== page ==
Amazing Tokyo! Vegan Food and a Hippo’s Evolution

Tokyo vegan food

This contribution is a personal story from JSP founder Jeff Nesmith.

JSP celebrates vegan food and of the people who make it a truly exciting cultural experience. Slowfood Cafe Hippopotamus in Tokyo was one of those experiences. Naoko-san, the owner, is AMAZING. Creative, warm, and excited! I was there one year ago and have regretted not writing about her and Hippopotamus sooner, especially now that it has closed (but don’t lose hope, there is good news at the end!)

Tokyo is a vertical maze. Wondering around may not yield the most exciting explorations. You have to do your homework or waste time climbing stairs or taking elevators. Hippopotamus was the no exception. You would never find it by walking around. Even once you find yourself outside the door, it can be so quiet and unassuming that you question the location. Well, just hike up your skirt and pull open the door and hope for the best! And there, the best awaited me.

Hippopotamus was quiet. Only two people in the tiny place. A woman behind the counter, and a man at the end of the counter in this austere longer than wide spot. The seating was at the bar that ran almost the entire length of the restaurant. It was cozy and seemed more like being in an intimate home kitchen than in a restaurant. Every tool and ingredient needed to make food were right on the other side of the bar.

Turns out that Naoko-san, the owner, was testing new recipes as they were changing over from winter to the spring menu. Technically she was open, but not really. She had one friend helping her, a man named Machida-san, who had been stationed in Oklahoma (?!) many years ago for work. He spoke English, which helped greatly as Naoko-san and I had A LOT to talk about. She was very cute, with an Anna Wintour-like bob and a passion for mushrooms.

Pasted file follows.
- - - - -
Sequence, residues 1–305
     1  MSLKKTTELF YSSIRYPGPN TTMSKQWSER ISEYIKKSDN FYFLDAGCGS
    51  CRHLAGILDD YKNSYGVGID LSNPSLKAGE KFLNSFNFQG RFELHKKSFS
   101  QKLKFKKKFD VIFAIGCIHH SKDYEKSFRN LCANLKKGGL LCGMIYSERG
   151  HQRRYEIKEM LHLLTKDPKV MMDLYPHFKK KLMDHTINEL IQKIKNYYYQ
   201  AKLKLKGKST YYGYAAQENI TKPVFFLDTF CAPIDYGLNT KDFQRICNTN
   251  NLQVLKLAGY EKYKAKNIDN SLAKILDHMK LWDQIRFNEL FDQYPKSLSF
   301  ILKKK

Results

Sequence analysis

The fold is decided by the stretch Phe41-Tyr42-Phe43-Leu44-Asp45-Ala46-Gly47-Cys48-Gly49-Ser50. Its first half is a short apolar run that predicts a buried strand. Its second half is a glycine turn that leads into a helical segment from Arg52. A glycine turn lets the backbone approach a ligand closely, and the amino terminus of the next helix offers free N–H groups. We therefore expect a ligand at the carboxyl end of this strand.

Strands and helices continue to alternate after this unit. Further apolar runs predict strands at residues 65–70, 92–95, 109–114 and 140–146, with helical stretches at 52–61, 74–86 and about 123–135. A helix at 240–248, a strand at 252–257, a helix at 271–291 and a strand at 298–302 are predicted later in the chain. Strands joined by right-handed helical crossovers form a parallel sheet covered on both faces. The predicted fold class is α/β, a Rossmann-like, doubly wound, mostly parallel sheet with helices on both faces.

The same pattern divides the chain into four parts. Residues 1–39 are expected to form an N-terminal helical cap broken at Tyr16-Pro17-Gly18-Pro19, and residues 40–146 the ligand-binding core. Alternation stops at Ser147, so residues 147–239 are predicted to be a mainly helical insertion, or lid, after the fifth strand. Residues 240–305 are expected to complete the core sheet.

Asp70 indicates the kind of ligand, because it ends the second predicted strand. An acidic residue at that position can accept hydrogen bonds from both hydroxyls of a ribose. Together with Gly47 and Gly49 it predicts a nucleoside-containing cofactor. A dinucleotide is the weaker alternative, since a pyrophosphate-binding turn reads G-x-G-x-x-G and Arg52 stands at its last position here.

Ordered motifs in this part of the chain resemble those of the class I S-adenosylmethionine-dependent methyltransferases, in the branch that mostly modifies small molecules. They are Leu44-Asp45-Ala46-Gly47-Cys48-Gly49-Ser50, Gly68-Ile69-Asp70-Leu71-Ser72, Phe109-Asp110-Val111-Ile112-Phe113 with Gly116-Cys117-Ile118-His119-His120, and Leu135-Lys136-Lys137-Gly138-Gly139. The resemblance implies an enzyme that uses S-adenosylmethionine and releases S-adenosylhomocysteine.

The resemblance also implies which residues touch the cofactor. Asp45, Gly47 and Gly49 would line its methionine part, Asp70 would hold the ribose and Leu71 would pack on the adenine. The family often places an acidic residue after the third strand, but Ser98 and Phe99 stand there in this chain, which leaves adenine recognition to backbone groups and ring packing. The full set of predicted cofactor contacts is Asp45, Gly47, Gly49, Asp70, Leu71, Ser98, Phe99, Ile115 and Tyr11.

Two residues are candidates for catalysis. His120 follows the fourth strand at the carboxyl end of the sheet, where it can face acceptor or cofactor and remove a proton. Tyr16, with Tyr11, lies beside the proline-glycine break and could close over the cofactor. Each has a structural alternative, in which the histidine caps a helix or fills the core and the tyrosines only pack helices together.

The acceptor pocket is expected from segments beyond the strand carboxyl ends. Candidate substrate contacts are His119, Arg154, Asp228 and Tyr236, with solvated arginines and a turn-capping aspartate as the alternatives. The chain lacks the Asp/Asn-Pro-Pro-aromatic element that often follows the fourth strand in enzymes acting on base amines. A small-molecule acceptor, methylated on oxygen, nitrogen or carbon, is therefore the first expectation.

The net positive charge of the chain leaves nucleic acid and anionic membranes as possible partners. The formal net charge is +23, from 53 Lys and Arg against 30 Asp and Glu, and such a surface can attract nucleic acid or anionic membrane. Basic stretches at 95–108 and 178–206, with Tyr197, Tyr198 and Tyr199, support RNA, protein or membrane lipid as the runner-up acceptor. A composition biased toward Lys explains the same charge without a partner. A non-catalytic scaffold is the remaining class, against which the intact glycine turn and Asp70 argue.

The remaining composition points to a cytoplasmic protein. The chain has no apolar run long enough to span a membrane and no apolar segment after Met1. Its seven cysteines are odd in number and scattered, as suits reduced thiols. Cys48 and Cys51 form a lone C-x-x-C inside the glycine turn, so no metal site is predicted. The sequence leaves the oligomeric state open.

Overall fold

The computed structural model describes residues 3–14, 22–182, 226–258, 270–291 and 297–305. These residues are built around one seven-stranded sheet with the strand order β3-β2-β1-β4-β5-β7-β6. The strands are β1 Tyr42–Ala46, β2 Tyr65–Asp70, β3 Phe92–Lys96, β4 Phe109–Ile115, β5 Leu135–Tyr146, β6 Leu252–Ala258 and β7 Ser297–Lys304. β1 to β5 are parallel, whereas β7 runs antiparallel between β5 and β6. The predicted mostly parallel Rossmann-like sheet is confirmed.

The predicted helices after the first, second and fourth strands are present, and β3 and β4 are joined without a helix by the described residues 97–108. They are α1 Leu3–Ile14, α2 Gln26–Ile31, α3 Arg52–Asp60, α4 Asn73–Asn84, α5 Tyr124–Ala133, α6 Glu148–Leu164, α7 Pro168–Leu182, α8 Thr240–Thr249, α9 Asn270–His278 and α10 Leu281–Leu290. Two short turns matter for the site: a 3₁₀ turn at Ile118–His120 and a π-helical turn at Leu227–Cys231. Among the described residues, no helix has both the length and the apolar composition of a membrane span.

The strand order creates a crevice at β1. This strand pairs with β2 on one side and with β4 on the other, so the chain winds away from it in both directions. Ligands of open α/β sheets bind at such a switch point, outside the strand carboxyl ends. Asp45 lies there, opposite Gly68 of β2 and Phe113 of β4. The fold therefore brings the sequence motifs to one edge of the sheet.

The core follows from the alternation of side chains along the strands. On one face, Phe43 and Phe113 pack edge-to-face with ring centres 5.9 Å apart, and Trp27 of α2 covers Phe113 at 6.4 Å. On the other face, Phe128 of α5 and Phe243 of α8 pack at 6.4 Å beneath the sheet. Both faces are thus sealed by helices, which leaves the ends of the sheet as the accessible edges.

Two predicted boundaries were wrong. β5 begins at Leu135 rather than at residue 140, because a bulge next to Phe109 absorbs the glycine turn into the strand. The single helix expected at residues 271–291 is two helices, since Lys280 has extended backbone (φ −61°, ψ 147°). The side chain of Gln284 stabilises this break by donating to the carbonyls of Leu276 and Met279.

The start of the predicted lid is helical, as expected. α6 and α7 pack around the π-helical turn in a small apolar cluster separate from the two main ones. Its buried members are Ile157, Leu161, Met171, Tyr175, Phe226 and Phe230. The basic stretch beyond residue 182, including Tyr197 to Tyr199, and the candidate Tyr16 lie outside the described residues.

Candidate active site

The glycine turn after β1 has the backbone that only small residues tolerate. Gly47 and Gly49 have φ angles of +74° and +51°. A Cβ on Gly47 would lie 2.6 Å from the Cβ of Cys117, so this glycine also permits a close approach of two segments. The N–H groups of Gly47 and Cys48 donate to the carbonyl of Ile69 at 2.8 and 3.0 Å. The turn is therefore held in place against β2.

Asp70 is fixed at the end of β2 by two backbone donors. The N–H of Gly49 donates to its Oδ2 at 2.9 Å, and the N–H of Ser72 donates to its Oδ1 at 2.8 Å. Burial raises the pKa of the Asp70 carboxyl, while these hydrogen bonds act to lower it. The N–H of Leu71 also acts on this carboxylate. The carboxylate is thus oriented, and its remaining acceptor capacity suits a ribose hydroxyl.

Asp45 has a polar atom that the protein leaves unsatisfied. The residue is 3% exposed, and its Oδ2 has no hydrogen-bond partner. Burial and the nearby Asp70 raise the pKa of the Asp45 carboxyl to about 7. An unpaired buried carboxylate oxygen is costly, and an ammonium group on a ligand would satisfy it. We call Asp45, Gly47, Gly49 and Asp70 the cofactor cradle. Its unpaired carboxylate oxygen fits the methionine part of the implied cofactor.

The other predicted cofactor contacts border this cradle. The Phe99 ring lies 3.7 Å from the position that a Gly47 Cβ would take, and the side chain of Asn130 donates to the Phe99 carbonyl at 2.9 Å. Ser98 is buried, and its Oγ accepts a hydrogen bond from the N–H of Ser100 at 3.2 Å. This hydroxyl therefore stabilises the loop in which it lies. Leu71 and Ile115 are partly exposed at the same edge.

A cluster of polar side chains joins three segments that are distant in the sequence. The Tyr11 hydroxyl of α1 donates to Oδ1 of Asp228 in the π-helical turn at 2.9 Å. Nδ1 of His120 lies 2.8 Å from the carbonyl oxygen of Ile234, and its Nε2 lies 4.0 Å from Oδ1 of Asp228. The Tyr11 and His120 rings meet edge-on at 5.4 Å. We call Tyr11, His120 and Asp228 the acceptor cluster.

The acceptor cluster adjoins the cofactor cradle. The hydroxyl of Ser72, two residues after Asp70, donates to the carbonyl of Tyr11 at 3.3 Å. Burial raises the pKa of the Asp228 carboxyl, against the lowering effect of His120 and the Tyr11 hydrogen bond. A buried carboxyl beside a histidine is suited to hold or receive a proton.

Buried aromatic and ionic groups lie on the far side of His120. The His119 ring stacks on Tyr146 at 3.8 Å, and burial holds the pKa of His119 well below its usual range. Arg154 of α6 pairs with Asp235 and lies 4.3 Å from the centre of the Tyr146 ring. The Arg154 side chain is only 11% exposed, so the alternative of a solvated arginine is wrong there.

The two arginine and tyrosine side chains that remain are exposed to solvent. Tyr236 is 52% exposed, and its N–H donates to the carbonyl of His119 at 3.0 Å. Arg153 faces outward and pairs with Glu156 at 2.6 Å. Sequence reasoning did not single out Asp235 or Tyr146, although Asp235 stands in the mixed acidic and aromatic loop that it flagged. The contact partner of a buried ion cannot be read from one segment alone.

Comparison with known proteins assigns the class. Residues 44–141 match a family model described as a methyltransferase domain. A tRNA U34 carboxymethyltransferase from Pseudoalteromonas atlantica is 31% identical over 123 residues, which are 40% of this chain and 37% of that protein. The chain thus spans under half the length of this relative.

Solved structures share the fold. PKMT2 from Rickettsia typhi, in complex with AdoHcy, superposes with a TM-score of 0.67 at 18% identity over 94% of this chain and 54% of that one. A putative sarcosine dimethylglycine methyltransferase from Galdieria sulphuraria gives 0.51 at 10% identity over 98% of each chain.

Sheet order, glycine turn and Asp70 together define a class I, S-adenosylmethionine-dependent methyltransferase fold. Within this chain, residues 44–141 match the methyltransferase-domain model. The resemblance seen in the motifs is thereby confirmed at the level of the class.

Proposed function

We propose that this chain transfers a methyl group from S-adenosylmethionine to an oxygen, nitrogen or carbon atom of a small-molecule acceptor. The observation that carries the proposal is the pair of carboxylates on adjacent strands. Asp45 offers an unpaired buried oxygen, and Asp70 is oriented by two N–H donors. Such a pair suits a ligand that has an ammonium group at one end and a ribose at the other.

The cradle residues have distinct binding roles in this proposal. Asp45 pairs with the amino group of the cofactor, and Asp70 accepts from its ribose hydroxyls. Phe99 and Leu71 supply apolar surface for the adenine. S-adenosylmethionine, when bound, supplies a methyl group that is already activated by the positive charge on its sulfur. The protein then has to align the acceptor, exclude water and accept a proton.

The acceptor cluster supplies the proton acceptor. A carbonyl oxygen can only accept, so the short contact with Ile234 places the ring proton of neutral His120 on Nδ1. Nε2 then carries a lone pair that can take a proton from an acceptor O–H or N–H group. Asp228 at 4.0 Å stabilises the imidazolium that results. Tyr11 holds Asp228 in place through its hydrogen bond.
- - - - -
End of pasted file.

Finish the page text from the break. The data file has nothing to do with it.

Since the menu was in transition, there wasn’t much from which to make dinner. Naoko-san guides me to gnocchi with a strong earthy spinach-broccoli pesto with red peppercorns and peanuts. She makes everything before my eyes! On the side were vegetable gyoza with a coriander ginger sauce and a kelp, seaweed, shiitake, and dried tofu in dashi. Oh So Good with a glass of vegan wine.

Through the course, we discussed mushrooms for deepening flavor and miso for replacing hard cheese in Italian dishes. Naoko-san is a mushroom expert. Did she grow them? Somehow I came away with that impression yet the language barrier did prevent me from getting an answer I am confident in. But she did have a vast library of reference books and shared her favorite one, pic below.

Wonderful food and wonderful conversation. When the language didn’t work, it was more about laughing than crying.

In the year since Naoko-san found a new home and changed the name to Slow Food and Wine KiboKo.

Naoko-san and the mushroom book!
The blurry but cute: Naoko-san, me, and Machida-san

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